It’s about one second between hitting the ENGINE START button, and the Jaguar XE’s new “Ingenium” two-litre turbodiesel four-cylinder engine humming to life on a very cold morning. Just for a moment, you hear a whiff of telltale diesel sound effects, and feel a hint of a buzz through the seats and steering wheel. Then, once there’s just a touch of heat generated, it smoothes out, quiets down, and feels, sounds and conducts itself with the same refinement, quiet and creaminess as a comparable gas burner. 

If you still think diesel engines are smoky, clattery, and sound like a blender full of wrenches while vigorously barfing soot, a few minutes at the wheel of a car like this will convert you.

Not a diesel fan? A supercharged gasoline V6 engine, with 340 horsepower is available now, and even higher performing variants are (apparently) en route.

The diesel generates 180 horsepower, and well over 300 lb-ft of torque. All Wheel Drive is standard. Equipped thusly, the tester targets a shopper active on the roads all year around, and one concerned primarily with minimal fuel use and refueling than all-out firepower.

Not that there isn’t firepower. Pushed, the XE launches ahead on a wave of smooth, shapeless torque that floods to the wheels immediately and stays on strong as the tachometer flits around the mid-4000 rpm range, the eight-speed ZF transmission ratcheting invisibly through the gears.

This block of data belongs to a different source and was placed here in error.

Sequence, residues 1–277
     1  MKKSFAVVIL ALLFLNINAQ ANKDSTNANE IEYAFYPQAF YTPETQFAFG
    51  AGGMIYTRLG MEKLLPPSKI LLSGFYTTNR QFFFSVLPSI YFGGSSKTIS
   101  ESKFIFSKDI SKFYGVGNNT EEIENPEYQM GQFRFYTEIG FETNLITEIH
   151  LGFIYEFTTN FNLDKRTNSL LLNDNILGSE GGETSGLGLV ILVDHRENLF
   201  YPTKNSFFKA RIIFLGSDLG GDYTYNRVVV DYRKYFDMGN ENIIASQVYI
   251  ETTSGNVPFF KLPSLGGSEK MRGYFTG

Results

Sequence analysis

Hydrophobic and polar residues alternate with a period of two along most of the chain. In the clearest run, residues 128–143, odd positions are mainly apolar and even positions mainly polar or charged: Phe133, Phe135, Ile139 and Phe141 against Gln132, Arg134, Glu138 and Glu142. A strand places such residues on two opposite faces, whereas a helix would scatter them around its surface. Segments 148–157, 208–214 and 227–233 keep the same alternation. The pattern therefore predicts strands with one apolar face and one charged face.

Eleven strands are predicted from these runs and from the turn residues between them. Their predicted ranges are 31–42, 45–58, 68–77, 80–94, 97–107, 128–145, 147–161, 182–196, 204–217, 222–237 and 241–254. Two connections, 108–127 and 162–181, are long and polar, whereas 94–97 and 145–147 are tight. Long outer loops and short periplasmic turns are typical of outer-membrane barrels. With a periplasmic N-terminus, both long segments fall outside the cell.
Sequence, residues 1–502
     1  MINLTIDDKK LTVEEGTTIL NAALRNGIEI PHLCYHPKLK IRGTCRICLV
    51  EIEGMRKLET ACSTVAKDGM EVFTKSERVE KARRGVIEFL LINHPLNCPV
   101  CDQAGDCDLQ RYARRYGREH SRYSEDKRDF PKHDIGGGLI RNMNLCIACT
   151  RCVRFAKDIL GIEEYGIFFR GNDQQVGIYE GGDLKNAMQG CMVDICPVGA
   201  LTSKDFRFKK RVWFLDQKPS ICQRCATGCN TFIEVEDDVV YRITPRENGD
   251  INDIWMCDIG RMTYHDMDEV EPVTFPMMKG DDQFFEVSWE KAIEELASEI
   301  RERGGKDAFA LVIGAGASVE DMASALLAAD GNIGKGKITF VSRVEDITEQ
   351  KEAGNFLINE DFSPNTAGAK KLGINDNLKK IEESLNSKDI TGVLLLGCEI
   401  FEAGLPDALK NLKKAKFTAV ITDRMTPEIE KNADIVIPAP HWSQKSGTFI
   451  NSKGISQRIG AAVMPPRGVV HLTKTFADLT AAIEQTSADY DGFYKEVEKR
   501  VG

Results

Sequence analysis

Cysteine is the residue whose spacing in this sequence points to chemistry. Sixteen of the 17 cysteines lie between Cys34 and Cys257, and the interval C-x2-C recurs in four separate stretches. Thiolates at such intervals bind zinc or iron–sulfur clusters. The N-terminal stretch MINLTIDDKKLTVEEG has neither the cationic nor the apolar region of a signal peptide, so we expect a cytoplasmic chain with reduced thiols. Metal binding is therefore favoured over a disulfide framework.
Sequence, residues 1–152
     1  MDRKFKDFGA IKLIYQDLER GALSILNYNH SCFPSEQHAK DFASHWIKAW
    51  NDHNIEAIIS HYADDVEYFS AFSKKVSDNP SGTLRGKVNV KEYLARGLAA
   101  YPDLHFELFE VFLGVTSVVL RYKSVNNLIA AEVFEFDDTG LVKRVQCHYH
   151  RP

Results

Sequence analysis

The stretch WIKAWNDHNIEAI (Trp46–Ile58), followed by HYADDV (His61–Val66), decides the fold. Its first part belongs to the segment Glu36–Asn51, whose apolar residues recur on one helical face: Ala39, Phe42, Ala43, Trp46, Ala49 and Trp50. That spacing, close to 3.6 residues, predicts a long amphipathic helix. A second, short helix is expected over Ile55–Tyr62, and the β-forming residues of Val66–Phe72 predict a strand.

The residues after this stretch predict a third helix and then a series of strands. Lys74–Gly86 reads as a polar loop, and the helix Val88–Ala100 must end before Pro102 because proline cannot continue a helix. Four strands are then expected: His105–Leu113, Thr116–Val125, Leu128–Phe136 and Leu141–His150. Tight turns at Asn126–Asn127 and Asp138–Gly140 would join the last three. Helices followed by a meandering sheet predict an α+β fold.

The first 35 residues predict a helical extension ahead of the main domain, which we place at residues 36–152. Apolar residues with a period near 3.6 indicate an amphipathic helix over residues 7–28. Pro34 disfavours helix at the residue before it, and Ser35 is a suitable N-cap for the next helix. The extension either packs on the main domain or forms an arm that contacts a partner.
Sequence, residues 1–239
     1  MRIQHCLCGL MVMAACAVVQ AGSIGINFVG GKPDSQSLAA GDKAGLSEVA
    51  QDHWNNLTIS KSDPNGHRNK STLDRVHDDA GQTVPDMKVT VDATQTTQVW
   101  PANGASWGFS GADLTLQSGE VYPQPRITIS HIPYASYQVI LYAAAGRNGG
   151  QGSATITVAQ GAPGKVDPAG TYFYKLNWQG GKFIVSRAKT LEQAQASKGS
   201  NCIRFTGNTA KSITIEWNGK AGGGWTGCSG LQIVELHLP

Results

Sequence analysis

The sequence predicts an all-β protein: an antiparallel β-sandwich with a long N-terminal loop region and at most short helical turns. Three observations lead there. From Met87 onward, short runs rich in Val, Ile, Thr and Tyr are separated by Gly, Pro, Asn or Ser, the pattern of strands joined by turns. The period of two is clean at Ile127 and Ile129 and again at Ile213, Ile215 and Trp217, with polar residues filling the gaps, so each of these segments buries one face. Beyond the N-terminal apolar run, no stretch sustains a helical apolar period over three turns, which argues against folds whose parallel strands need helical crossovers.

The full-throttle sound isn’t unlike a small four-cylinder turbo gas engine: a smooth hum, albeit deeper and more growly than, say, an A4 or 328i. Torsos are pushed into seatbacks vigorously in the process. The torque builds fast from just off of idle, and a hilariously small amount of throttle and revs are required to gush the XE along in traffic. Give it half a boot’s worth of pedal, and it’ll whisk the XE well past the speed limit, on the sly, lickety split.

So: the XE looks good – a fresh and energetic and aggressive new face, in a sea of familiar faces. And it’s silly-good on fuel. And the handling and steering makes me giggle.

The styling is pretty swell, too.

Outside, the XE, finished in black with the Black Pack, looks a measure more youthful, athletic and curvaceous than the German stuff, and more conventional than the Lexus IS. This isn’t a huge sedan, but with detail galore applied to a relatively compact palette, it’s brimming with visual energy. Taut proportions, a great stance, scowling fascias, and a real presence are conveyed. From nearly any angle, you picture it whisking an ambassador out of a hot-zone in a military thriller.

The cabin is rich, depthy and complex. Numerous colors, and tiers of controls and edges and angles and materials, all intersect and layer over one another, a stark contrast to the more play-it-safe approach you’ll see in an A4 or 3-Series. The Audi and BMW have more of the right materials in more of the right places, but the XE’s cabin looks truly unique: equal parts tech and luxury, executed with a modern, almost playful use of colour and texture to create something distinctive.